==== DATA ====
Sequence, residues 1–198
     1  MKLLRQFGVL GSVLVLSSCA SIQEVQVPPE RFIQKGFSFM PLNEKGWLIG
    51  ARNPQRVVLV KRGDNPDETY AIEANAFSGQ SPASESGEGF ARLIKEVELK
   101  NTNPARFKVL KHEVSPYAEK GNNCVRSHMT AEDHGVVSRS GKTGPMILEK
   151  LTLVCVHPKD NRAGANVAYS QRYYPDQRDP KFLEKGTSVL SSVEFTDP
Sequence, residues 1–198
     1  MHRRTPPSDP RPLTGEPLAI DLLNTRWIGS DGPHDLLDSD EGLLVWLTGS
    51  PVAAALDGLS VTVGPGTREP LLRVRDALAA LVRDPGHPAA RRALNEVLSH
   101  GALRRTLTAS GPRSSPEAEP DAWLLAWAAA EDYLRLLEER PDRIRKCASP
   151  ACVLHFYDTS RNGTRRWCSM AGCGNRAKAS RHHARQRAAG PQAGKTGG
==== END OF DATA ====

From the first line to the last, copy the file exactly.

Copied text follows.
Sequence, residues 1–198
     1  MKLLRQFGVL GSVLVLSSCA SIQEVQVPPE RFIQKGFSFM PLNEKGWLIG
    51  ARNPQRVVLV KRGDNPDETY AIEANAFSGQ SPASESGEGF ARLIKEVELK
   101  NTNPARFKVL KHEVSPYAEK GNNCVRSHMT AEDHGVVSRS GKTGPMILEK
   151  LTLVCVHPKD NRAGANVAYS QRYYPDQRDP KFLEKGTSVL SSVEFTDP
Sequence, residues 1–198
     1  MHRRTPPSDP RPLTGEPLAI DLLNTRWIGS DGPHDLLDSD EGLLVWLTGS
    51  PVAAALDGLS VTVGPGTREP LLRVRDALAA LVRDPGHPAA RRALNEVLSH
   101  GALRRTLTAS GPRSSPEAEP DAWLLAWAAA EDYLRLLEER PDRIRKCASP
   151  ACVLHFYDTS RNGTRRWCSM AGCGNRAKAS RHHARQRAAG PQAGKTGG